OPINION: Thinking smarter about finding employment

In an increasingly crowded and competitive jobs market, it's always good news to see more positions being opened up - and today The Star can happily report another 300 potential posts being created right on Sheffield's doorstep.

Friday, 18th March 2016, 6:53 am
Updated Friday, 18th March 2016, 6:56 am
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As part of Chesterfield’s £320million regeneration, office, retail and hotel opportunities are set to be created, bringing with it the groundswell of new employment opportunities - see page 26 for all the details.

When job cuts are being made at places like Sheffield Council and the government’s local business department, it is encouraging to see more potential positions within commutable reach for people in Sheffield and South Yorkshire.

But if you can’t find a job, make one for yourself.

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That’s what self-made entrepreneur Simon Meadows did. After growing up in Heeley, the Intake-based inventor created a product to take on to BBC TV’s Dragon’s Den - a special safety lid for cement mixers on construction sites.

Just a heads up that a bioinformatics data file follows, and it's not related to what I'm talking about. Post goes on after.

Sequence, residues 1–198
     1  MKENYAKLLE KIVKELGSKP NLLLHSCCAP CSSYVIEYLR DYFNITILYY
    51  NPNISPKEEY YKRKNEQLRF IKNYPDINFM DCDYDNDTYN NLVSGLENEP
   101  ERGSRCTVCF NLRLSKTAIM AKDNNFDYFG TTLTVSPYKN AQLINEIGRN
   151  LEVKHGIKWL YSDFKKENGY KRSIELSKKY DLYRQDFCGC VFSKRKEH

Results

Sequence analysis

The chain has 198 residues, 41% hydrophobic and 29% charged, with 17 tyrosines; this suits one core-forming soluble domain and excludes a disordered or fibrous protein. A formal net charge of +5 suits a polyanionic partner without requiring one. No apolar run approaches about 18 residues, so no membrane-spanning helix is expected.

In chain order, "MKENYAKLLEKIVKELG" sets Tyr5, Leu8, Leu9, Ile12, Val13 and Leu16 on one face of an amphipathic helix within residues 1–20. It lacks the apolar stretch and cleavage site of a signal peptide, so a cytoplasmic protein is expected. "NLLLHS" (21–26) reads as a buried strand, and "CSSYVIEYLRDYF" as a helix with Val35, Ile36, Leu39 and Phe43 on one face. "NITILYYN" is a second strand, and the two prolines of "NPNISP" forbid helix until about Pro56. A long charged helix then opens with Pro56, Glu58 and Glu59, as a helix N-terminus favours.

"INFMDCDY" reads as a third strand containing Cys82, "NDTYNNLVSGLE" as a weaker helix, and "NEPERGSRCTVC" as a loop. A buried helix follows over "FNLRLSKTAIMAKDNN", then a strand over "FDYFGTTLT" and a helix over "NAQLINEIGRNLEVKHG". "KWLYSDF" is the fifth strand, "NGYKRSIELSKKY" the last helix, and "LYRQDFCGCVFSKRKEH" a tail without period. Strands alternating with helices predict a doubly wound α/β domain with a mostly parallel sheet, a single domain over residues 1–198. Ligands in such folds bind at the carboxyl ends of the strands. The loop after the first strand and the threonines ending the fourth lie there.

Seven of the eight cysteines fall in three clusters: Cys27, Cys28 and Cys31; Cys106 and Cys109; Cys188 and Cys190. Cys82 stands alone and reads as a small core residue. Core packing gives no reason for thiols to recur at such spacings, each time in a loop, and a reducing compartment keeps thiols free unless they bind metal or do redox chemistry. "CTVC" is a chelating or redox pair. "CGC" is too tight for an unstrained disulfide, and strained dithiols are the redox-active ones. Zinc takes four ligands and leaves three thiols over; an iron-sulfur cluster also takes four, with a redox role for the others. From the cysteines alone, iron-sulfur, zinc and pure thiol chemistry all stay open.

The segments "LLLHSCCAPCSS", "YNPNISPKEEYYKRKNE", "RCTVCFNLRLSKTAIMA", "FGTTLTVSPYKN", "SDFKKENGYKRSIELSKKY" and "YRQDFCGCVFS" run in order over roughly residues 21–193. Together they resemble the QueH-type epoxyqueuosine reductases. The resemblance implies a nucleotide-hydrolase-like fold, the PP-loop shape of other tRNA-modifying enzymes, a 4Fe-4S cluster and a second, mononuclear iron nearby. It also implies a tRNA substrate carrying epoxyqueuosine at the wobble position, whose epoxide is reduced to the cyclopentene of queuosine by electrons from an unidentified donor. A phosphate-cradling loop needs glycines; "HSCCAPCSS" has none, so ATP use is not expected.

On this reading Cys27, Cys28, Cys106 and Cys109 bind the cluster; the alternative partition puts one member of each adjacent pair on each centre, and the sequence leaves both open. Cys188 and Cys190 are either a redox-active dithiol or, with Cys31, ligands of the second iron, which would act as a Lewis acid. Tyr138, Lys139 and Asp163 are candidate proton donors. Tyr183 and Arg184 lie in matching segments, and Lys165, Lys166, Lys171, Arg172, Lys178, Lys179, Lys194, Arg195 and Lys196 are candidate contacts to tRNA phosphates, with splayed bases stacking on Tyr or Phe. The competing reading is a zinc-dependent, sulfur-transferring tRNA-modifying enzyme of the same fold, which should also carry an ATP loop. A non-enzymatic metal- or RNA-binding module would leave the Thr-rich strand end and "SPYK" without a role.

The Dragons didn’t open their wallets, but that hasn’t stopped Simon from selling thousands of his products and attempting to crack America - see page 8 to read his inspiring story.

Simon represents that never-say-die attitude that has come to reflect the people of Sheffield.

We might not be as big as Leeds or Manchester, but we don’t let rejection get us down, and we pick ourselves up, carry on and get things done regardless.

Simon, who visited Downing Street, is also attempting to use his success so far to make another positive change.

While there, he told George Osborne that the Government needs to train more apprentices.

What better time to spread that message than this week, National Apprentices Week?

As you’ll see on page 3, youngsters in Sheffield are this week being encouraged to think about a different way of getting job skills from the traditional school-
college-university route.

Not just because you’re free from student debt, but because you learn work-based vocational skills, making it directly applicable to real jobs in a way that a humanities degree probably isn’t.

In a post-recession world, it’s clear everyone has to think a little smarter when approaching the jobs market, whether it’s through new training routes or self-employment, and the people making a success of it are the trailblazers we should all applaud.